Eastern Michigan University
HIST 102-Western Civilization 1648-WWI
Professor Ron Delph
From the sixteenth to the early twentieth century, Europeans came to dominate the world through science, technology, economic imperialism, religion, and military might. This dynamic period also saw traditional European political and social hierarchies challenged, the rise of a powerful new class of merchants and industrialists, and forceful attempts by the lower/laboring classes to gain political and social power. These changes resulted in the overthrow of old European monarchies, and the establishment of democratic forms of government in nearly all of the major countries of Europe. This class will examine these many changes, and explore how they brought about political and social turmoil as men and women from every class struggled for power, to make a living, and to find their way in this new society.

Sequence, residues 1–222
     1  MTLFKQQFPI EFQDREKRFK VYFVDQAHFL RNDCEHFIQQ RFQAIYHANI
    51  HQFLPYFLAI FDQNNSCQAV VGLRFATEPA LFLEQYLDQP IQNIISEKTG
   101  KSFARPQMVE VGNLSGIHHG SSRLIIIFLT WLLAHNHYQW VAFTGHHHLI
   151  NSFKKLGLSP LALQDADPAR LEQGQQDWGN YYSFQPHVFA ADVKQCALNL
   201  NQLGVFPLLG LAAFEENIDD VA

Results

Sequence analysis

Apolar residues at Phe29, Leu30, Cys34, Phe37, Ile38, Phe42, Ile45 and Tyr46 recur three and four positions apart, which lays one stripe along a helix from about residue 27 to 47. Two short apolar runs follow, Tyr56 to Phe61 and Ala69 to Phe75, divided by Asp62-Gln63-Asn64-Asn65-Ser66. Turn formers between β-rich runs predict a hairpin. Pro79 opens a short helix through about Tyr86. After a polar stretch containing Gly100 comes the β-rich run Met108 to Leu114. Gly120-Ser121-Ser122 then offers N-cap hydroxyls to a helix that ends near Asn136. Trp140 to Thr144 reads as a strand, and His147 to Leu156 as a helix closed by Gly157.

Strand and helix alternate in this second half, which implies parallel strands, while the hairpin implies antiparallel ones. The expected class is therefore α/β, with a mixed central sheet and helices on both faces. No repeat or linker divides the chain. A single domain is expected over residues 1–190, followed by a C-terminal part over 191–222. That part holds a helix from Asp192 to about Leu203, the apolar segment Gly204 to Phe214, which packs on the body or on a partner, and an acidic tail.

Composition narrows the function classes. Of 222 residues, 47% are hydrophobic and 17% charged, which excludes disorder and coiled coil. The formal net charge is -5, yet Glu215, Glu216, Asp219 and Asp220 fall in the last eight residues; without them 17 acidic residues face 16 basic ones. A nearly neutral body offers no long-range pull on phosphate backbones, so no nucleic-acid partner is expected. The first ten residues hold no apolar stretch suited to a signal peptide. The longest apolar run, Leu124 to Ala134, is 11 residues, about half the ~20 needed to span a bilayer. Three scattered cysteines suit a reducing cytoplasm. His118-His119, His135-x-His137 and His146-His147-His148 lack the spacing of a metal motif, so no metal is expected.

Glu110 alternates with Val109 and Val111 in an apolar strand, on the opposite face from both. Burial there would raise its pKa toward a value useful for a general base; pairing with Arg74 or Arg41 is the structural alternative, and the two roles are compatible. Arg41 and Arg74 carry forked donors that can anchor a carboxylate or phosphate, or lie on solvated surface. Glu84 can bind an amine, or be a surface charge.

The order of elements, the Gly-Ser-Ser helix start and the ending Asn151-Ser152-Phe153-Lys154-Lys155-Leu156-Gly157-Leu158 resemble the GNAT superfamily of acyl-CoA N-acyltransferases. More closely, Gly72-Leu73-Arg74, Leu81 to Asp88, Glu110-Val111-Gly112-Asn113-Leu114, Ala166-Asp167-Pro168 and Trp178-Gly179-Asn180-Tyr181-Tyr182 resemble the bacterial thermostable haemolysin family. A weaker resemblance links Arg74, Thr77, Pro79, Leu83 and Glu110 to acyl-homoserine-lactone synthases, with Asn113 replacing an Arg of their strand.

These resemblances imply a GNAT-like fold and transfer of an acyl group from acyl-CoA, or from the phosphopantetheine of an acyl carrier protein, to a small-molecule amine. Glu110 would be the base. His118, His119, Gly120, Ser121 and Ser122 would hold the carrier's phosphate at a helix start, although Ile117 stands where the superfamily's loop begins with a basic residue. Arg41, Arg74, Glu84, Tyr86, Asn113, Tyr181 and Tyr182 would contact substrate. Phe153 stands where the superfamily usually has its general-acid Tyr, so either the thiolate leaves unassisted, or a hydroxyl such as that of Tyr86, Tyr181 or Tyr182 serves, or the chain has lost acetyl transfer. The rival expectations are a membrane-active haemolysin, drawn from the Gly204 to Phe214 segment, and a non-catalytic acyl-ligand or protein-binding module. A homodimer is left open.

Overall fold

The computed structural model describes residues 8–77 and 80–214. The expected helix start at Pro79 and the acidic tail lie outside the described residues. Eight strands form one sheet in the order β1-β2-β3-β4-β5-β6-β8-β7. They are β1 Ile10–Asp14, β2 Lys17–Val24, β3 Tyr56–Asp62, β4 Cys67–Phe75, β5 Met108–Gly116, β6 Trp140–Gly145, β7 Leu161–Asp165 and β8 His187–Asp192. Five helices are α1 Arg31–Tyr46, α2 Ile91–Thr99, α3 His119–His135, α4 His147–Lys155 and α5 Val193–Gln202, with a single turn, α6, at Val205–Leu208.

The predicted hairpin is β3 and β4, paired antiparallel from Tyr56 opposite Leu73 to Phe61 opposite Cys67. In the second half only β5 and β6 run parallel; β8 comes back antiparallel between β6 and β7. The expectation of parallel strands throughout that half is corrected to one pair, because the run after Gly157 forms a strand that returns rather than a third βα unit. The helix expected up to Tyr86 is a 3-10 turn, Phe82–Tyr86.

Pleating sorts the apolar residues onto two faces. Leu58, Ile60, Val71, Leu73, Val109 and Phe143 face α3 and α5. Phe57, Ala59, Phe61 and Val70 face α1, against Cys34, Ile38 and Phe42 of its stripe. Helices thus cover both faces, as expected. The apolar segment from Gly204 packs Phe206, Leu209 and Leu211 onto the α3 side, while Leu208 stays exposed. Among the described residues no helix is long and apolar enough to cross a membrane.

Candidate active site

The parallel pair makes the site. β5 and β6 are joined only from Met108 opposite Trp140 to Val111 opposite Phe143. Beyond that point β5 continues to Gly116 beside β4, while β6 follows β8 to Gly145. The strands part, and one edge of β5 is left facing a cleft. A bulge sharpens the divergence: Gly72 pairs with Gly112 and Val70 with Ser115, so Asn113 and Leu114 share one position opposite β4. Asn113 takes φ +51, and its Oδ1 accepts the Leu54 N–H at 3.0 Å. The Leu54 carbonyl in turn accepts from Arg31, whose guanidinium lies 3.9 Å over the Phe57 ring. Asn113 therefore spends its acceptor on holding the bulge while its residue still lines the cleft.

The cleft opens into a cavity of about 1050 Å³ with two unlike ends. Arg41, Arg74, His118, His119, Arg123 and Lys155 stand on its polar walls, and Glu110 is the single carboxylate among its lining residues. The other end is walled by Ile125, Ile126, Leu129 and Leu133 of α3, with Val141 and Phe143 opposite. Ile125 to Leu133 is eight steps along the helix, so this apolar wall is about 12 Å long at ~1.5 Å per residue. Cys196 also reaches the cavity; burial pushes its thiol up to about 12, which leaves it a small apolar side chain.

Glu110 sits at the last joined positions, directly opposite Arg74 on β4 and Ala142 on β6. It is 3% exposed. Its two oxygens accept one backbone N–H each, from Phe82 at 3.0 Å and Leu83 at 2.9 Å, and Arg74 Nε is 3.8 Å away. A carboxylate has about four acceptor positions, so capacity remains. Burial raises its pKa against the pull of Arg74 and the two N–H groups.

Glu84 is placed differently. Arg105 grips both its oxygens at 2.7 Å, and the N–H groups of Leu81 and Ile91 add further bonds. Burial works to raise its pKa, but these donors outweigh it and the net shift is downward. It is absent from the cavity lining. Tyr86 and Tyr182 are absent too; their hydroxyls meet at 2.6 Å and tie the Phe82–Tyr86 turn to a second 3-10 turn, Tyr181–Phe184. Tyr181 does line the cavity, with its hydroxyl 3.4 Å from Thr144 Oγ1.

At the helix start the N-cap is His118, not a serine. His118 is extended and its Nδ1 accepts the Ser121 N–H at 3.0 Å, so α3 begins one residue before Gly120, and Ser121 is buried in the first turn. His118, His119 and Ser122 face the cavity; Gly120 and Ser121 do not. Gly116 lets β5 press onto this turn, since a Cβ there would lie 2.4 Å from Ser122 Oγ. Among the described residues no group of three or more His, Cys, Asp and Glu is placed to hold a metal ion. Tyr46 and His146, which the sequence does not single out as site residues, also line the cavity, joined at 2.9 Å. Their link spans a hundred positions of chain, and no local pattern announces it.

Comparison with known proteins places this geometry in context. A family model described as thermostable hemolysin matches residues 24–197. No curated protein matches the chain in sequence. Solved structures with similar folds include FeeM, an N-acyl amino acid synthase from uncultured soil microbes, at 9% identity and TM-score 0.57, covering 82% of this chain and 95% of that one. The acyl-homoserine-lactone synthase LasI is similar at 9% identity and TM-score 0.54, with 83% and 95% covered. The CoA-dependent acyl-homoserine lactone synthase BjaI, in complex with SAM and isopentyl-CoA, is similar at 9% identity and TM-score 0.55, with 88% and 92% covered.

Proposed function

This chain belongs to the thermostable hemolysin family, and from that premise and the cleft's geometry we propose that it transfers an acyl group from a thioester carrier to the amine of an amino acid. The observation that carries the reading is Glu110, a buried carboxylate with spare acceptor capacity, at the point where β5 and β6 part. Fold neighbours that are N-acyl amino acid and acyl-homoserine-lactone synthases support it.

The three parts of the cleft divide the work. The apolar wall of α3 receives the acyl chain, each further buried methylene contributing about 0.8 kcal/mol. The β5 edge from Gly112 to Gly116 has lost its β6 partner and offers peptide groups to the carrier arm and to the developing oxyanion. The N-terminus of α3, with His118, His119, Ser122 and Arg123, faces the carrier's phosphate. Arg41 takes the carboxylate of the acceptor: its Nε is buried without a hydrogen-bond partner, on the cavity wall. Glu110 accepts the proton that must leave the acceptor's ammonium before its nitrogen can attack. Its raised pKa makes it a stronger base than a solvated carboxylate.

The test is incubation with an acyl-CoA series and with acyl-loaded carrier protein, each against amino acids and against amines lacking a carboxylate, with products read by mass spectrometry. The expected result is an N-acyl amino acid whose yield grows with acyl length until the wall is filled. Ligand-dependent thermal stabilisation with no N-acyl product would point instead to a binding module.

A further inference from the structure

To help us think broadly about these problems, students will have the option of breaking out of the classroom setting and pushing their exploration of these issues in a number of ways. A night at the theater on Eastern's campus will bring up a number of issues of class, race, and gender that students can reflect upon. One evening, we will take over the kitchen in Downing Hall and prepare dinner, followed by a screening of a movie, with discussion afterwards. Trips to the Star Lectures series winter term, which will focus on issues of equality, will also be an option for students. After each of these keystone events, students will be given the opportunity to reflect upon the ideas they have encountered in an essay that will allow them to apply the insights they have gained to the ways in which Europeans in this period struggled for power, equality, and freedom in an age of dynamic change.